How To Find And Fix Air Leaks In Your Home
Ensuring that your home is energy efficient requires paying attention to all the little details. This could mean installing a programmable thermostat so you can better control your family’s use of your heating and cooling system, or it might mean putting in ceiling fans to give your system a little help during the summer and winter months. But one of the most important (and effective) things you can do to maximize your energy dollars is to address any air leak problems in your home. If your home isn’t airtight, a significant portion of the conditioned air your system is producing is being wasted. To solve this problem, you have to first find the leaks, and then fix them.
Where to Look for Leaks
When you’re looking for leaks in your home, you’ll find they can be almost anywhere. One way to detect these leaks is to position a burning incense stick close to anyplace you suspect a leak. If there is a leak, the smoke will move sideways. There are several specific areas you should look at while searching for leaks:
Doors/Windows: A major source of leaks in any home are cracks and gaps around doors and windows. These can be easily addressed using caulk and or weatherstripping.
Outlets and Switches: Outlets and light switches can also have leaks around them. You can either seal these leaks using gaskets you place behind the plate or by spraying in expanding foam from a can.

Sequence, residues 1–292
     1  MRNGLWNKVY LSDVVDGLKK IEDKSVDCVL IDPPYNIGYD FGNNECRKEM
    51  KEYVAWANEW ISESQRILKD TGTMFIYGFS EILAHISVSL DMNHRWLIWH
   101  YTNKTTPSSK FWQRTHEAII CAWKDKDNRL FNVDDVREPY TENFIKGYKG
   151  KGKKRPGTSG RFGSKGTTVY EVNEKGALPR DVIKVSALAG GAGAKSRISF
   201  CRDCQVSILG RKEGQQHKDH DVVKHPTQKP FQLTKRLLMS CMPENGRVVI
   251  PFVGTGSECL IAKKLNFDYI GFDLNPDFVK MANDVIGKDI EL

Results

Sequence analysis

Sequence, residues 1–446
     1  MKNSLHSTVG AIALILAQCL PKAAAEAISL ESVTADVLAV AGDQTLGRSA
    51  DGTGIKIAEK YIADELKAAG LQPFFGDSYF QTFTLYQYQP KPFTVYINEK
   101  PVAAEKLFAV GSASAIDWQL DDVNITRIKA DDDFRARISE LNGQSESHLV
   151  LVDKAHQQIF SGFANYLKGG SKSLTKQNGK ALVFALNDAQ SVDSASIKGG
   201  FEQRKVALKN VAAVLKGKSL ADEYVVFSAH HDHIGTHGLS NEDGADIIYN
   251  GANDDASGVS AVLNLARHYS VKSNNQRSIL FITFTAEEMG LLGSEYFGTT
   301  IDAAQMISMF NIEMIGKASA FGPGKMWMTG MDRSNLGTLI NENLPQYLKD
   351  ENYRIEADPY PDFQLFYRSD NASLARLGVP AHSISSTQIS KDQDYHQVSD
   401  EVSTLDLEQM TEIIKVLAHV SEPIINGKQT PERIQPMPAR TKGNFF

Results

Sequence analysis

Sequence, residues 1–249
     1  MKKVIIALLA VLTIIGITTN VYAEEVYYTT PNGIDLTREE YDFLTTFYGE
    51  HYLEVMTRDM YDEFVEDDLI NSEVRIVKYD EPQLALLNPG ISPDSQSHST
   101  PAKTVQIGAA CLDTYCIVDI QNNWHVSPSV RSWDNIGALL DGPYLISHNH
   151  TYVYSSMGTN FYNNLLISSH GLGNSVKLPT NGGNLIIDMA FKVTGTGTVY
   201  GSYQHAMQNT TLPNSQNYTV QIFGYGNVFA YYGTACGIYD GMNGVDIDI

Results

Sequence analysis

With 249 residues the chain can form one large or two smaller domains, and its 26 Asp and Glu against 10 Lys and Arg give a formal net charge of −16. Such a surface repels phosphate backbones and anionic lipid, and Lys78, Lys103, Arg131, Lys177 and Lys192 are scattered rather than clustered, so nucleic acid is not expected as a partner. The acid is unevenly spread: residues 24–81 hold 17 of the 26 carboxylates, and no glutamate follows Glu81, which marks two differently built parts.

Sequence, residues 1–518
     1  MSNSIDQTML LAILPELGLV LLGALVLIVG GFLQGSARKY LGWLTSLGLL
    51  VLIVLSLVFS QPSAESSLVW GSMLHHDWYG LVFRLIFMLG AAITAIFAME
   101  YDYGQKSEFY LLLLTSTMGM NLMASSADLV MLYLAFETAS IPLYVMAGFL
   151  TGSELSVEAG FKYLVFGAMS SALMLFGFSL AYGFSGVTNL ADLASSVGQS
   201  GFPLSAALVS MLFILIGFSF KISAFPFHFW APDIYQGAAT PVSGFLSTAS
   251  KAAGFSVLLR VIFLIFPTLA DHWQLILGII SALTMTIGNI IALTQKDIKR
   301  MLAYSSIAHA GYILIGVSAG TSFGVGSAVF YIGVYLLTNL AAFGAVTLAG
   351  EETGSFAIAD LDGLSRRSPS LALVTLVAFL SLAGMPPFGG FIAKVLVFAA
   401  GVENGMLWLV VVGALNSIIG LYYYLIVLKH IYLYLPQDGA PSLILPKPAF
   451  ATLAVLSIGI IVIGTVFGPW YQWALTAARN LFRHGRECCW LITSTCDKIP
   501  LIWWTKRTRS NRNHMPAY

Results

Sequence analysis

Pipes and Vents: You should also check around any pipes or vents passing through exterior walls. While small cracks can be fixed using a caulking gun, for larger openings you will need to use expanding foam.
Recessed Lighting: Another place to look for air leaks is around recessed lighting. These lights could easily let conditioned air escape from your living spaces up into your attic. Use gaskets to seal these leaks.
Attic Doors: Install a gasket seal on the patch or door leading to your attic to keep any conditioned air from seeping past it into the attic.
Open Flues: Make sure that your furnace or fireplace flue is closed when you’re not using it.
Attic Flooring: Examine the floor of your attic to locate any cracks or gaps that are allowing air to escape into the attic. You can repair small cracks using a caulking gun, but you should repair larger gaps with expanding foam sprayed from a can.
A company like Century Heating & Air Conditioning Services can perform a heating audit on your home to determine exactly where and how air is being lost. If you don’t want to check the entire home yourself, contact a professional who can help out.